Silicone gels and dressings: Silicone sheets, gels, patches and creams are commonly applied to scars with highly variable results. Although relatively inexpensive, widely available and safe, these products are best used in conjunction with other therapies. The board-certified dermatologists at Miami Dermatology and Laser Institute can recommend the best scar remedies to suit your individual concerns.

Prescription treatments

Corticosteroids: Injecting steroids directly into the scar can reduce itching and inflammation and sometimes flatten the scar. The most commonly used steroid for this purpose is triamcinolone. However, intralesional steroids may also make the flattened keloid redder by stimulating the formation of more superficial blood vessels. Additionally, overuse of steroid injections may also lead to skin atrophy (thinning) or depressions. 5-Fluorouracil (5-FU): Injections of this chemotherapy agent have been used, with and without steroid injections, to treat keloid scars. In fact, side effects (possible redness and increased pigmentation) occur less frequently when physicians combine 5-FU with corticosteroids and pulsed dye lasers (see below). Bleomycin: Studies suggest that injecting this antitumor agent improves the appearance of hypertrophic and keloid scars, perhaps by inhibiting collagen production. Potential side effects include skin atrophy and loss of pigmentation.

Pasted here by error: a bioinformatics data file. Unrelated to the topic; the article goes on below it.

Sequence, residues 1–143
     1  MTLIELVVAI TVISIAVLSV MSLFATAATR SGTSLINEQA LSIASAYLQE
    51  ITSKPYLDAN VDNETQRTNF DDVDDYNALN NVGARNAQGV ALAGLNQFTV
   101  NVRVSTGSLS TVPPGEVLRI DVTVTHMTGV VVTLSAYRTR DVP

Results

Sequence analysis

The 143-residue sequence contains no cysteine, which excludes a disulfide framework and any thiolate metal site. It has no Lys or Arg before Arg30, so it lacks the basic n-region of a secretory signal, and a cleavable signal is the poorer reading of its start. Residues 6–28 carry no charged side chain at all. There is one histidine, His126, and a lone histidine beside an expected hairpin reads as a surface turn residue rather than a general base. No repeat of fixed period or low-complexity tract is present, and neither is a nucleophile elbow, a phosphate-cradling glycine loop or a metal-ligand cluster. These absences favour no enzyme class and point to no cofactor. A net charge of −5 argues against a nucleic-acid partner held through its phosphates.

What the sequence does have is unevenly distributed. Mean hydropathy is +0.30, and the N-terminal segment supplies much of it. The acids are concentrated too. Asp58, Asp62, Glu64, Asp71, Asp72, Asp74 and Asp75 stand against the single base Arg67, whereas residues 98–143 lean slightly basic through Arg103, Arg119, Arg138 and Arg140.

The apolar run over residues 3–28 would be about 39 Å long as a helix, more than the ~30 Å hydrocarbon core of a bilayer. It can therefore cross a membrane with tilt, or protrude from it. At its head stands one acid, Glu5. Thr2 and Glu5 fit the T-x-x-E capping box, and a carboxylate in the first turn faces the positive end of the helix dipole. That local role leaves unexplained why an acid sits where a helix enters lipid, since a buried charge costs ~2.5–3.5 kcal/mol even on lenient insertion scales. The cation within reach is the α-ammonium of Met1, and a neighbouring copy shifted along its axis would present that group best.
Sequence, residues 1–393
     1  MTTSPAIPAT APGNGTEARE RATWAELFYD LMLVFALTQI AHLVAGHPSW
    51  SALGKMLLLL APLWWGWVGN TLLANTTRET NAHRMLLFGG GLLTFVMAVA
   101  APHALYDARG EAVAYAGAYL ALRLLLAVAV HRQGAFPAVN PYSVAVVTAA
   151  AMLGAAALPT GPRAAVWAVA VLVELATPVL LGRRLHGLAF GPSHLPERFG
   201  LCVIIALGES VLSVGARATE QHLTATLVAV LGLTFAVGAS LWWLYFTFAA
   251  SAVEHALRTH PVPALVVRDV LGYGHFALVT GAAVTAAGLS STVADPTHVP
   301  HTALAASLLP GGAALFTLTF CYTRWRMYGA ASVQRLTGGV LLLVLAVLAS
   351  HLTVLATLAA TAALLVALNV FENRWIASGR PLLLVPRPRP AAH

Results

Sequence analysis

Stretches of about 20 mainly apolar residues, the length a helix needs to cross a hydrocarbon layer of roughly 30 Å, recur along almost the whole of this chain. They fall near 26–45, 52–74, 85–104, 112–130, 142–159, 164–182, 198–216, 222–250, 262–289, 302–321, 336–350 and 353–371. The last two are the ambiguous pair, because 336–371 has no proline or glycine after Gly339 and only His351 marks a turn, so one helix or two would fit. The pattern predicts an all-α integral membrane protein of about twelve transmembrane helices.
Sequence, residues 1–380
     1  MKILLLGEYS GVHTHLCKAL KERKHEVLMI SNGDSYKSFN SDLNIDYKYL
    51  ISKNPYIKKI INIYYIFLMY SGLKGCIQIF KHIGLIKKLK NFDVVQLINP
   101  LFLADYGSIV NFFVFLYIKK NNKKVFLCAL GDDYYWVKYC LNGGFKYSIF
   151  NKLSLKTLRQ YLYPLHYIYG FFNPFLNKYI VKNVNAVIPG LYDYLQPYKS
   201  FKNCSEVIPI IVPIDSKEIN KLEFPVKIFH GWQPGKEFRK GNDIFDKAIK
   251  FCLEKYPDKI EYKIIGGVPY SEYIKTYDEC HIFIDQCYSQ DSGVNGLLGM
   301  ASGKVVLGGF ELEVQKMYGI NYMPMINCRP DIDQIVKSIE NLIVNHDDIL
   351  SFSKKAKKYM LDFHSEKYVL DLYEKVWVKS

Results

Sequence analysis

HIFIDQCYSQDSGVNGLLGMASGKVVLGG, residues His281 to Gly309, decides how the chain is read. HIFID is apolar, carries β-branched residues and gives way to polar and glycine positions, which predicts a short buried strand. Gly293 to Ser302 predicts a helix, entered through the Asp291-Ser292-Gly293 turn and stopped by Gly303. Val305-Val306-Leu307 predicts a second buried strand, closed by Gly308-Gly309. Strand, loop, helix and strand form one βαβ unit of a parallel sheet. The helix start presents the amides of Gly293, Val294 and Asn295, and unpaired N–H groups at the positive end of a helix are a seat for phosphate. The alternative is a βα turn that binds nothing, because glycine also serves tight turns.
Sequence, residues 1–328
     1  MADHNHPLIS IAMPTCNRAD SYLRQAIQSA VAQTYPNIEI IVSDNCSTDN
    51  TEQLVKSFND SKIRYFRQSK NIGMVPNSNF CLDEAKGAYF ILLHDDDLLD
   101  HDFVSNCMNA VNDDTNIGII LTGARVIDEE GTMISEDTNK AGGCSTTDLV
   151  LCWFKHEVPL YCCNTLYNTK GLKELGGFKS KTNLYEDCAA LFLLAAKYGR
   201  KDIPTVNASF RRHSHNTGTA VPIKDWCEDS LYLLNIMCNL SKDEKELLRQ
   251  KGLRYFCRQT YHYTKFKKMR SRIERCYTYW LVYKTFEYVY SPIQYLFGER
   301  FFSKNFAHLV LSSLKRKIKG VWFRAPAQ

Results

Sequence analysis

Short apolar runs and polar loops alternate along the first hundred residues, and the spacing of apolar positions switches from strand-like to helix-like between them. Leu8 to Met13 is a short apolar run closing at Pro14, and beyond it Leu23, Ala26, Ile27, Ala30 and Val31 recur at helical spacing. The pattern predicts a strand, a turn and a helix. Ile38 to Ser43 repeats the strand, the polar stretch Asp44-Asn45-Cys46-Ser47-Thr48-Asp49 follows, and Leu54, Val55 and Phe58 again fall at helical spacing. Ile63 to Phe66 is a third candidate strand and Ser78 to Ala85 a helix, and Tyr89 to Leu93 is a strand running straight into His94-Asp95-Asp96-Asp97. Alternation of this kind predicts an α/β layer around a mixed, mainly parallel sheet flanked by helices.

Surgical and other interventions

Surgery: Z plasty may be effective for hypertrophic scarring. However, performing surgery on a keloid may trigger the formation of a similar or even larger keloid. Applying pressure dressings to a wound site after excising the keloid can help prevent relapses in some cases, as can using postsurgical therapies such as radiation treatment or lasers. Pressure therapy: Physicians have long used special garments that apply pressure to the wound as a conservative means of preventing and managing hypertrophic scars. Though evidence behind these devices is mixed, they remain part of the standard of care.

Laser therapy

Pulsed dye lasers, operating at 585 to 595 nm, provide an effective option for primary keloids and early hypertrophic scars. Lasers, such as the fractional CO2 laser, fractional erbium (Er:YAG) laser, and often other lasers used in combination, provide an effective option when treating hypertrophic scars and keloids. Fractional lasers leave sections of healthy tissue between tiny zones of thermal injury to improve healing and aesthetic results. With many laser therapies, several treatment sessions may be needed. Avoid fully ablative laser therapies for scars due to a high risk of recurrence. Under the direction of Dr. Jill Waibel, the board-certified dermatologists at Miami Dermatology and Laser Institute can recommend the best laser therapy for treating your scars.

Radiation

Radiation therapy is usually reserved for hypertrophic and keloid scars that resist other treatments. However, there are risks such as an increase in skin cancer with radiation. Want to reduce the size and color of unsightly keloids in conspicuous locations on your body? At Miami Dermatology and Laser Institute, under the direction of board-certified dermatologist Dr. Jill Waibel, specialized treatments are used to help diminish the appearance of keloids for residents of Miami, Ft. Lauderdale, Kendall, and nearby communities in South Florida.